If pressure canning seems intimidating to you, take some time to learn about the process and how it can be a safe method for preserving food at home.
Still learning about canning? Please visit this page to learn about the various canning equipment and how the process works.
What is pressure canning?
A pressure canner is a specialized piece of equipment that can reach in excess of 240ºF inside. That temperature cannot be achieved in a simple boiling water bath; water boils at 212ºF which is not hot enough to kill botulism spores.
Canners like this have a lock-on lid that retains steam when heated. As part of the process, all air is pushed out of the canner and steam is trapped inside. This causes pressure to build, allowing the temperature in the pressure canner to rise above normal boiling point.
Why is this important? Pressure canning is the only safe way to make low acid foods shelf stable.
What about electric pressure cookers? Is canning in an Instant Pot safe? Read this!
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What are low acid foods?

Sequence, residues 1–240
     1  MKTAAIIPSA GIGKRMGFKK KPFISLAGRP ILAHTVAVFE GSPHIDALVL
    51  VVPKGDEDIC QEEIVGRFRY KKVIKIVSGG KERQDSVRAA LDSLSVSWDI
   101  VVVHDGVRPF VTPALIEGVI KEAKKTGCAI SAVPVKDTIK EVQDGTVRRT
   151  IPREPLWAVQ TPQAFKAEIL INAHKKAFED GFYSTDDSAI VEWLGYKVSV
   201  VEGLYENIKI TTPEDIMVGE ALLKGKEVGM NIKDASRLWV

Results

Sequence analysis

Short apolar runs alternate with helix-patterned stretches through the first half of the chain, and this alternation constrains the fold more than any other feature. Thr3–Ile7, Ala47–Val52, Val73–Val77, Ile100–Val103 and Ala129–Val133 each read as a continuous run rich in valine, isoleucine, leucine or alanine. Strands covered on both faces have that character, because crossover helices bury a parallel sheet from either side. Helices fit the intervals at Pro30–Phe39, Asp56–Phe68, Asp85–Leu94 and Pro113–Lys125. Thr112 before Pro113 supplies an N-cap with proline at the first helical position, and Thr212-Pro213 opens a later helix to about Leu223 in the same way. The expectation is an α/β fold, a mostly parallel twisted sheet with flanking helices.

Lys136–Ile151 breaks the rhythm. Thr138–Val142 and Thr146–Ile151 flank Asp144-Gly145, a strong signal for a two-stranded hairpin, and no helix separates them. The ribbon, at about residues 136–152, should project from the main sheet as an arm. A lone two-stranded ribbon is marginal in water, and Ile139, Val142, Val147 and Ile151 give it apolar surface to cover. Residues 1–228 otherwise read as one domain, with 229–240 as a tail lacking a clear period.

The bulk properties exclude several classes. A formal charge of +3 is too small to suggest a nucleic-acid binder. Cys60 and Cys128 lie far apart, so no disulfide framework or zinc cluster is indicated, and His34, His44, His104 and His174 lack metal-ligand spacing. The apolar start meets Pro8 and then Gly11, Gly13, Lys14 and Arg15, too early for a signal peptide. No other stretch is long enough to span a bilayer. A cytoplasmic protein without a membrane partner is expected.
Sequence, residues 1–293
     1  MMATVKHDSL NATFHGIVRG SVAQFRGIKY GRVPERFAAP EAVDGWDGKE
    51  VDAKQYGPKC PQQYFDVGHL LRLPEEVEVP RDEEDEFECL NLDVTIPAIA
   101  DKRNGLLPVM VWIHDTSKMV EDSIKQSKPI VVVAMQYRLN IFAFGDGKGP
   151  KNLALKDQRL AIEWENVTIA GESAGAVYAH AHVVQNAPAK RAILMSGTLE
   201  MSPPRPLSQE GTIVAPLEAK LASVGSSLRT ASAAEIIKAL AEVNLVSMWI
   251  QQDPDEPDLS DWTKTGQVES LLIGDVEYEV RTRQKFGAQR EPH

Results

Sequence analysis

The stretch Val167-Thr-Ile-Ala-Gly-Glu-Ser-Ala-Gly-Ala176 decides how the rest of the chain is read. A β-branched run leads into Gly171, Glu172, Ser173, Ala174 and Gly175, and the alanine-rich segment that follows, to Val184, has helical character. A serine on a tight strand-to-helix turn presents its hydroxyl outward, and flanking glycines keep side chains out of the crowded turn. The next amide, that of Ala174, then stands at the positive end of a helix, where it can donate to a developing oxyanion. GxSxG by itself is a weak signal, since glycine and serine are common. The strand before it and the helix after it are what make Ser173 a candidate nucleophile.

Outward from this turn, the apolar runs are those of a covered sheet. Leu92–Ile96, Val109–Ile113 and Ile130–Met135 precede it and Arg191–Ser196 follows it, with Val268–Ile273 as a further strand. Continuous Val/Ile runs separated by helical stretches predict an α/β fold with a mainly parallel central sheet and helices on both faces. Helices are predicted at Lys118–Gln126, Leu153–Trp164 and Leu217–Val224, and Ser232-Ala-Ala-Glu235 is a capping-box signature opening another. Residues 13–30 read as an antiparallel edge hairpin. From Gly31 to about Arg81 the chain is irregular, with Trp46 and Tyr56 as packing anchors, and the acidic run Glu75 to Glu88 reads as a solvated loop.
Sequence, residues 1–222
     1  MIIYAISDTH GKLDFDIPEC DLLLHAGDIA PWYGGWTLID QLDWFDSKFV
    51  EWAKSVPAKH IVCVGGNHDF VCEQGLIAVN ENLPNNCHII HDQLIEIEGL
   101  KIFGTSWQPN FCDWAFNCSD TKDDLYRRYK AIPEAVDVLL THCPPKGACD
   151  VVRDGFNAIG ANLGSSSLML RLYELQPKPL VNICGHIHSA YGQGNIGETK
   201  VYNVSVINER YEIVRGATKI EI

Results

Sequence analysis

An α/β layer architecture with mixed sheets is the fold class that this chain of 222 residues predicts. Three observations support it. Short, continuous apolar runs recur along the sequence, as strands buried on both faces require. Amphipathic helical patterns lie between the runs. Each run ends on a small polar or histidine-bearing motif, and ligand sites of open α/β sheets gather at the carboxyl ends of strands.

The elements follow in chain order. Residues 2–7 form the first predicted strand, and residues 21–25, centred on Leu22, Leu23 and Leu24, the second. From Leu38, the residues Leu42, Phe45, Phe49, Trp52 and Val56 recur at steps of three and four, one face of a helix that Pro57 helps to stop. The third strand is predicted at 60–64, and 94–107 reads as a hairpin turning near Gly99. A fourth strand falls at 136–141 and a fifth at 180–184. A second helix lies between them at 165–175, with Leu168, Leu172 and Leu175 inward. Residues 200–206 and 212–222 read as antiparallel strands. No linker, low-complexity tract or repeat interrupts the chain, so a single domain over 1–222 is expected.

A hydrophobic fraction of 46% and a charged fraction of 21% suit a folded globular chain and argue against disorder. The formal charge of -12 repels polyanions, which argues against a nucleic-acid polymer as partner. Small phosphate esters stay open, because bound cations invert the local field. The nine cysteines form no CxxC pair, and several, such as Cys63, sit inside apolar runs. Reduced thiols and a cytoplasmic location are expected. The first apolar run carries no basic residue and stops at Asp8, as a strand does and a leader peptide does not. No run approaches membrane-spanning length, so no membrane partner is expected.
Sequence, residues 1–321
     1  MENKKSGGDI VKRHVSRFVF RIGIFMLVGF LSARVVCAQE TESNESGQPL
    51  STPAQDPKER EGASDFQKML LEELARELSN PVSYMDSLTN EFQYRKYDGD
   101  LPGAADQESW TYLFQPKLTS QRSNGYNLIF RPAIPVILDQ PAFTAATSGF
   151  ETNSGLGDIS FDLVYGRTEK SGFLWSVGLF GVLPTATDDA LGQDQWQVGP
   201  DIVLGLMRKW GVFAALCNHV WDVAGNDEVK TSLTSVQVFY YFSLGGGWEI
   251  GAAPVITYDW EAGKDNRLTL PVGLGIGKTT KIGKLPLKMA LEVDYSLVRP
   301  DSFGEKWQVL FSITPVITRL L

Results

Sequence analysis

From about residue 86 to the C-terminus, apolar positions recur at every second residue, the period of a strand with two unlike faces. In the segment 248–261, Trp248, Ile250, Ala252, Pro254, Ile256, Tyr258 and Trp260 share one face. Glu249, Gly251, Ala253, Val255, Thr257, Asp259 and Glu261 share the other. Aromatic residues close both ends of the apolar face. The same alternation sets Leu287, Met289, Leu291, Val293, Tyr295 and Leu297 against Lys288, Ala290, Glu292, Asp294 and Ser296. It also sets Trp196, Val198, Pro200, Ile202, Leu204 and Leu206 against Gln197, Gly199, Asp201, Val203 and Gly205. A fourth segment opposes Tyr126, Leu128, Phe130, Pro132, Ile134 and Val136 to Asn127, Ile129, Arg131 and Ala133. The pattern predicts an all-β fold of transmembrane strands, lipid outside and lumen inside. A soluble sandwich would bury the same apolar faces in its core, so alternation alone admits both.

Food items that have a pH above 4.6 are classified as low acid foods. These include beans, meats, seafood, broth, and most garden vegetables. Figs, banana, and papaya are fruits that fall into the low acid category.
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Tomatoes are right on the line and can be pressure canned or acidified to create a safe product for water bath canning.
These low acid foods have the potential to harbor a dangerous bacterium called clostridium botulinum, so they need to be processed with that in mind.
A temperature high enough to kill toxic spores can only be achieved with a pressure canner operated at 10.5 psi at sea level.
If you live at higher elevations, you will need to adjust accordingly. See chart below for recommended adjustments based on your altitude.
It’s important to note that it’s not the pressure that kills bacteria. It’s the heat. And as already mentioned, that kind of heat can only be achieved under pressure.
Pressure canner safety
While this may all sound like a bit much, modern day pressure canners are much safer than your grandma’s canner. Be sure to follow the manufacturer’s directions, though.
I use an All American canner. Its lid is locked in place, tightened down with strong wing nuts. If excessive pressure ever built up, steam would dislodge the weight and dissipate through the vent pipe.
Carefully watching the pressure gauge and monitoring the heat while processing will prevent excessive steam from building up.
Maintaining your equipment
A pressure canner is different than a regular cooking pot and needs extra care. Dial gauge canners need to be calibrated annually for safety. Contact your local cooperative extension office or the manufacturer to find out where you can have this done.
Avoid immersing the lids of dial gauge canners in water, as water can get into the gauge and cause damage.
Processing jars for food preservation